Definitely. Within the Christian faith, there is this huge continuum of beliefs that identify with Jesus and identify with Christian teachings, and it's incredibly vast and diverse. All the way from orthodox churches that still maintain original languages and worship in very strict liturgical ways and Roman Catholicism and evangelicalism and Protestantism. If we were to have a label--and I'm not fond of labels--but we would probably be labeled progressive or liberal. So we're within that strain of Christianity that takes the Bible seriously but not literally, and we take the traditions of the church seriously but believe that God is still speaking. So as our understanding of society and human beings and human nature and God changes and evolves, we believe our faith practices can change and evolve as well.

Members are encouraged to be politically and socially engaged as well as spiritually?

I think all churches and faith groups do this to a greater or lesser degree. We look, for example, to Buddhism. There's the whole realm of engaged Buddhism that started back in the Vietnam War that it's not enough just to focus on one's own spiritual growth when one's neighbors are hungry, we must reach out to those in need. Within the Christian tradition, most Christian churches focus to a greater or lesser degree on caring for a neighbor and loving your neighbor as yourself. Within the UCC, there is a strong activist streak in being involved in social justice issues. The denomination as a whole takes Jesus' teaching and examples that we're called to feed the hungry, clothe the naked and reach out to all who are in need, and reach out to all who are marginalized and oppressed. We take that very seriously, and live that out in our faith. We're very much involved in ecological issues and trying to be better stewards of creation. Trying to do a better job in terms of advocating for those who do not have a voice in society and for whom injustice is a daily experience. This is all very much a part of the UCC's identity. So to a greater or lesser extent, all churches do this. At the UCC, it's very much to a greater extent.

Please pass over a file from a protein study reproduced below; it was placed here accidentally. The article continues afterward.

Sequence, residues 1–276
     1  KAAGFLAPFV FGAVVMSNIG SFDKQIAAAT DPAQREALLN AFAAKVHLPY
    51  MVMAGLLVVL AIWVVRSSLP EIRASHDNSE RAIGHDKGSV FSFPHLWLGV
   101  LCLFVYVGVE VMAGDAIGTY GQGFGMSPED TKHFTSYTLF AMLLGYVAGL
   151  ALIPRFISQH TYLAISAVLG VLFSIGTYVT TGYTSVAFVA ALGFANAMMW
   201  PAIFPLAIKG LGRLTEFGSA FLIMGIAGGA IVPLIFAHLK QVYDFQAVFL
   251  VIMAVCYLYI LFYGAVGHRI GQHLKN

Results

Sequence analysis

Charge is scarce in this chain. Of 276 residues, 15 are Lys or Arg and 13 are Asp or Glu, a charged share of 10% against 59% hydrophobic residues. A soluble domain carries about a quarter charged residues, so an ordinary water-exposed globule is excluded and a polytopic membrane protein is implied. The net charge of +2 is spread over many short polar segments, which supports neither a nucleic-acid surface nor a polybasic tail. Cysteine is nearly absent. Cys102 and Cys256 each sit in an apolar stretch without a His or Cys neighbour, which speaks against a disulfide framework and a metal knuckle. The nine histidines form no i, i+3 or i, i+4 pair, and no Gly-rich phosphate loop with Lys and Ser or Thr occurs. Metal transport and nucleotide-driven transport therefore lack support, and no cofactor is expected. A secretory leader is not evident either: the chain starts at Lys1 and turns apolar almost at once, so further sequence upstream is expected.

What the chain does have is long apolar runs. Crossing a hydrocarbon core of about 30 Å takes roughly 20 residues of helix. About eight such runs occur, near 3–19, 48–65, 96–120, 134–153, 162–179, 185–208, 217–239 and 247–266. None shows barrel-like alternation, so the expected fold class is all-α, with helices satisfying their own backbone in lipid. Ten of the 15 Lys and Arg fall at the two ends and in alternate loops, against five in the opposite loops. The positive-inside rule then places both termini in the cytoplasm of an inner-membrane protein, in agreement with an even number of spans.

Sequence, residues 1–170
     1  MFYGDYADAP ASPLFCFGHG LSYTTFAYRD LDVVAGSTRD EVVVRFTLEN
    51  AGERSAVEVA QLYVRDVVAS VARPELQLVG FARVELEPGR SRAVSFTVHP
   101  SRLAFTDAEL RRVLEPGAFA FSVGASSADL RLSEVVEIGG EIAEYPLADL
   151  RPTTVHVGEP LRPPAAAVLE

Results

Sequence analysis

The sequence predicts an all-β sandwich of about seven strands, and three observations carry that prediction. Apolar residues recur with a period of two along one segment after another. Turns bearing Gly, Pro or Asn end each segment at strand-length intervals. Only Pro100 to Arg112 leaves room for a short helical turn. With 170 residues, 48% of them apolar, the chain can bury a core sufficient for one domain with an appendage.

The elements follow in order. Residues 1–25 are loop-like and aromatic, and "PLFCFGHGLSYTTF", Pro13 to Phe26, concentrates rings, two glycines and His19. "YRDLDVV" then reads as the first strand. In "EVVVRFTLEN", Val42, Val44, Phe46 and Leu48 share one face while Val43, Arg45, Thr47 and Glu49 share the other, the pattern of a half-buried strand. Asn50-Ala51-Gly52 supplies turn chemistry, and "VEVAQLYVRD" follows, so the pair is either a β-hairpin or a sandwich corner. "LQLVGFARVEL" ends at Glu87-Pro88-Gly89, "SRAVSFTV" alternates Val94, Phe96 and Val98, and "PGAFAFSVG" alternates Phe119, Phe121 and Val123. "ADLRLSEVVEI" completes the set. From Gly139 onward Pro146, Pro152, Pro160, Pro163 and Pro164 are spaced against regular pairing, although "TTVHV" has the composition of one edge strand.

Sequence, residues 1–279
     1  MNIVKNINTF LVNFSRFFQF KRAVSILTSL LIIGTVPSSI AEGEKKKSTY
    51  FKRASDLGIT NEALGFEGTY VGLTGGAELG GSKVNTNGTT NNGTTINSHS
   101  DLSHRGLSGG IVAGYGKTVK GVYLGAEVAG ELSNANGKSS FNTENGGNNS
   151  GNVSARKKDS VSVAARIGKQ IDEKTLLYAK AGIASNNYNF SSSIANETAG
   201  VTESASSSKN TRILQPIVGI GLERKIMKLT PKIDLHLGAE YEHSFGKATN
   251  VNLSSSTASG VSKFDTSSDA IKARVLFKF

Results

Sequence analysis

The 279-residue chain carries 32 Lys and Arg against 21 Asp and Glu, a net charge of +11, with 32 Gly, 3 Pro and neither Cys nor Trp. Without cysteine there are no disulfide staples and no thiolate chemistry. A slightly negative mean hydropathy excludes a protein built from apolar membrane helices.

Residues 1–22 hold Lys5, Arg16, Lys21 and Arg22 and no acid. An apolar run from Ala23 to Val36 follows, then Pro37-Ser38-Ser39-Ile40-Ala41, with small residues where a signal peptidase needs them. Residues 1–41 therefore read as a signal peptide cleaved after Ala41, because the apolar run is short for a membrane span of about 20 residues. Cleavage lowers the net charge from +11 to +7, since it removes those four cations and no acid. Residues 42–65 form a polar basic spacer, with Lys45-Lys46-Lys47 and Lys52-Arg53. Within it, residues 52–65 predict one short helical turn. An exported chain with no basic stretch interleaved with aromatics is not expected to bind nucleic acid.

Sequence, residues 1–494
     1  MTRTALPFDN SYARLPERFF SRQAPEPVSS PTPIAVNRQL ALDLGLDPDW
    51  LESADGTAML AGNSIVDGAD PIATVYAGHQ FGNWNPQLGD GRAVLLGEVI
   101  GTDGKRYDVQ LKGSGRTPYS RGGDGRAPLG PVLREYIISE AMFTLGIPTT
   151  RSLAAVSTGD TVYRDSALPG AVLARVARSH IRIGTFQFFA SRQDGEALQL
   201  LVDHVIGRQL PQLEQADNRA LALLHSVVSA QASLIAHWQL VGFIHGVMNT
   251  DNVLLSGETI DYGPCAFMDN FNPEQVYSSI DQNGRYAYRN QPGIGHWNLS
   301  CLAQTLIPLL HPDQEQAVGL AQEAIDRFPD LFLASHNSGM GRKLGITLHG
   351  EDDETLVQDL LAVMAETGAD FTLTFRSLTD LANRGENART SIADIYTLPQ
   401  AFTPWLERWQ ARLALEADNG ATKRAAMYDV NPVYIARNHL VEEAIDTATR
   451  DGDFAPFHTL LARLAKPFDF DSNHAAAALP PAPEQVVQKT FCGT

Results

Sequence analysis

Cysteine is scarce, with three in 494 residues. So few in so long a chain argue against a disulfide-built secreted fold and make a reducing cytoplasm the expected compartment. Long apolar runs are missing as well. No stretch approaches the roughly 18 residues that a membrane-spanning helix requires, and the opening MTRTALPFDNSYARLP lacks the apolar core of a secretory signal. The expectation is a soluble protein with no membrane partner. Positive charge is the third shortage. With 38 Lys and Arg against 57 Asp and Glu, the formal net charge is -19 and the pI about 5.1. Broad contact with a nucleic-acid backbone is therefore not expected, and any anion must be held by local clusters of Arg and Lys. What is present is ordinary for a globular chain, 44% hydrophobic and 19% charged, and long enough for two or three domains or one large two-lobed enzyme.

Your congregation sounds very engaged.